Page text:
Today, Sen. John McCain (R-AZ) delivered a major speech on global warming at the North American headquarters of the Danish wind-power company Vestas, despite having prevented the passage of critical renewable energy tax credits for the wind industry in December and February. His campaign also unveiled an advertisement that includes this voiceover:
One extreme thinks high taxes and crippling regulation is the solution. The other side denies the problem even exists. There’s a better way.
One half of the ad is true: A significant constituency of the right wing denies that global warming exists or requires action. Sen. James Inhofe (R-OK), the ranking member of the Senate Environment and Public Works Committee, promotes the Skeptic’s Guide to Debunking Global Warming Alarmism. Right-wing media promote false headlines about climate change science. And the U.S. Chamber of Commerce and Bush administration’s response to global warming is to embrace an energy policy of increased fossil fuel dependence.
But what “extreme thinks high taxes and crippling regulation is the solution”? Those calling for a carbon tax instead of a cap-and-trade system to set a price on emissions are primarily conservative economists like Glenn Hubbard and Gregory Mankiw, the chairmen of Bush’s Council of Economic Advisers from 2001 to 2005. Is McCain calling Wall Street conservatives “extreme”?
And what “crippling regulation”? The only thing McCain describes as a “regulation” is an energy efficiency standard for building codes. The global investment firm McKinsey & Company has found that mandatory energy efficiency standards, far from being crippling, overcome present market failures and policy distortions and can drive massive return on investment. Is McCain calling McKinsey “extreme”?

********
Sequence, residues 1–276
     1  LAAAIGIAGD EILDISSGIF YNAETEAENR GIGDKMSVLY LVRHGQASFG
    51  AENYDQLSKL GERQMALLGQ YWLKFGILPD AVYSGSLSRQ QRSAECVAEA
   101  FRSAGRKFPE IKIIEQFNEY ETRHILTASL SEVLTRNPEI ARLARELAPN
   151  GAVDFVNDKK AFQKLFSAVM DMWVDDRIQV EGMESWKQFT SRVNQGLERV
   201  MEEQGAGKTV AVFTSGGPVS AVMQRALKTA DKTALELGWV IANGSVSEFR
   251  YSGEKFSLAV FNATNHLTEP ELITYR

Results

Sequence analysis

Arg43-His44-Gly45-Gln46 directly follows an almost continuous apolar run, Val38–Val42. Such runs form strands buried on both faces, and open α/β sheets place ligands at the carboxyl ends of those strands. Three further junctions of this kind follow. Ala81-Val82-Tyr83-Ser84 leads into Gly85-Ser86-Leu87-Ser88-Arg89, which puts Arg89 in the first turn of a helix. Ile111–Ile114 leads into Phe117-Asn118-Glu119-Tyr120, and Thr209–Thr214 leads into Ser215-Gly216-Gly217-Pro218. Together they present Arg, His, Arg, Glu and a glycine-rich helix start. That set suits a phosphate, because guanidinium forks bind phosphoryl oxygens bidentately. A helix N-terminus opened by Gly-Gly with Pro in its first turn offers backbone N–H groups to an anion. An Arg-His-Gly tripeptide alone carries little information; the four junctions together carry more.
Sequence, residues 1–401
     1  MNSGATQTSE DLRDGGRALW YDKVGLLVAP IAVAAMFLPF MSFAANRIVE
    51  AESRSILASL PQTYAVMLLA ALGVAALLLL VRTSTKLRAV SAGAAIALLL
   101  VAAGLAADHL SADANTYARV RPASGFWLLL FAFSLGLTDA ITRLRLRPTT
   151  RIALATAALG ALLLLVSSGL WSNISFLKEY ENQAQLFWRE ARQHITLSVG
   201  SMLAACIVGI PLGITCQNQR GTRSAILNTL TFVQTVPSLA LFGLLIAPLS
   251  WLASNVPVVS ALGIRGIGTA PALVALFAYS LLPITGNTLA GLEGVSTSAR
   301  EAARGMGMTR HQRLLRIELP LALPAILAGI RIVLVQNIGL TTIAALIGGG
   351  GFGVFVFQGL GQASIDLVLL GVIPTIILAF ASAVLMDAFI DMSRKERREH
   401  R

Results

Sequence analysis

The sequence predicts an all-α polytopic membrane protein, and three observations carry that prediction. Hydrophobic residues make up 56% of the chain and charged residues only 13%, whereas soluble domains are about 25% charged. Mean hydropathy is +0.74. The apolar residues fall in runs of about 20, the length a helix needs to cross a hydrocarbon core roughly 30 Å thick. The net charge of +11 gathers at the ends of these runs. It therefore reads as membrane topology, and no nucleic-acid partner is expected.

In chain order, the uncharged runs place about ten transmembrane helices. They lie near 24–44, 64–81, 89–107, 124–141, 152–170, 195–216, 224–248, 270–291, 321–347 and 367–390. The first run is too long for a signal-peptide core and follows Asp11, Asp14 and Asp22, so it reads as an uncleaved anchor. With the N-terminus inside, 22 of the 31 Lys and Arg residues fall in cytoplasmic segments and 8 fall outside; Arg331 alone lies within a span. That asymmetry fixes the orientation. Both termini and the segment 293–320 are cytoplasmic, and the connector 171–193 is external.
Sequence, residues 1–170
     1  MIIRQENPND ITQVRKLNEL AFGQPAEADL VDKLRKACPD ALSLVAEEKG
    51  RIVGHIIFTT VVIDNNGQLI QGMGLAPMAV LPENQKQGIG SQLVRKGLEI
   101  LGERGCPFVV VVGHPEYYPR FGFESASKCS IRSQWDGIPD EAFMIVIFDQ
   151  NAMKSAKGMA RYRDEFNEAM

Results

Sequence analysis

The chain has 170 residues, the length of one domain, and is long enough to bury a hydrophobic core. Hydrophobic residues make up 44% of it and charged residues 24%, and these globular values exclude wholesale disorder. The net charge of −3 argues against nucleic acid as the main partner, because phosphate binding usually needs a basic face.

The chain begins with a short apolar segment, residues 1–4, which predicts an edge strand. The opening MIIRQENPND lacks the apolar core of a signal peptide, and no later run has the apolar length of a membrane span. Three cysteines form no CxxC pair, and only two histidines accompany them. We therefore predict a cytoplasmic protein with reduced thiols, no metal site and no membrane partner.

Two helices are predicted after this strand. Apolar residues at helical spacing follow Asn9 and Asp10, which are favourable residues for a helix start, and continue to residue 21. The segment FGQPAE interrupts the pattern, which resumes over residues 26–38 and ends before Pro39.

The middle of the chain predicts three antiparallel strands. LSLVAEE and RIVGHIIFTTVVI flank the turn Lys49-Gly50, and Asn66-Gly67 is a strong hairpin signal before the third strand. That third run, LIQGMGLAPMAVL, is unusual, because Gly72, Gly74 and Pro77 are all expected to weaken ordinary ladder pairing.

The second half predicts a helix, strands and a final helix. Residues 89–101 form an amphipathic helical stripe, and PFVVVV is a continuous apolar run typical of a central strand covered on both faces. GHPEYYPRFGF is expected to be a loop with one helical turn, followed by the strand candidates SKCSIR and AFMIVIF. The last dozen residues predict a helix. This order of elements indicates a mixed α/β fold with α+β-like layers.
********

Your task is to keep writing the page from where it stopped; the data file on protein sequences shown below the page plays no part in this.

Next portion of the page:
McCain’s just trying to have it both ways — his campaign is trying to promote the complex system of government regulation necessary to establish a fair and national carbon market and still pay homage to a right-wing ideology that considers any governmental solutions anathema.
So McCain’s talking points shout that his cap-and-trade system is “MARKET-BASED” in the hopes people will ignore the details.
By trying to be all things to all people, McCain’s cap-and-trade plan ends up being considerably worse than progressive alternatives. He refuses to embrace the genuinely free-market principle of making polluters pay to receive emissions permits — instead calling for “a commission to determine the proper amount of allowances to be auctioned and how much to be allocated to other entities.” That is, McCain’s plan is to establish more government bureaucracy to prop up a system of corporate subsidies. Economist James Barrett of Redefining Progress explains what a cap-and-trade system with free allocations looks like: “The end result is equivalent to a government imposed tax that companies levy on their customers but then keep for themselves.”
Similarly destructive is McCain’s call for unlimited use of domestic and international carbon offsets. With offsets, polluters covered by the cap-and-trade system such as coal-fired power plants could purchase “credits for reductions made from sectors of the economy outside the trading system” that are “certified, measured, and verifiable.” Some degree of offset use can drive needed investment into sectors that generate global warming emissions but are difficult to quantify — particularly agriculture and international deforestation. But McCain’s plan for using offsets as a cost-control mechanism is a plan for disaster. A recent Stanford University study looked at how the European Union’s offset program, the Clean Development Mechanism, has progressed, and found it lacking. Joe Romm describes the report’s conclusions in blunt terms:
What McCain fails to understand is that the reason offsets are so much less expensive than actual emissions reductions is because they are junk.
Sen. McCain’s cap-and-trade system will create a trillion-dollar market for carbon permits. His thoughtless embrace of offsets as an economic cure-all would either lead to massive fraud or the creation of a major new regulatory bureaucracy — and with the record of conservatives in the executive branch, it would most likely be both.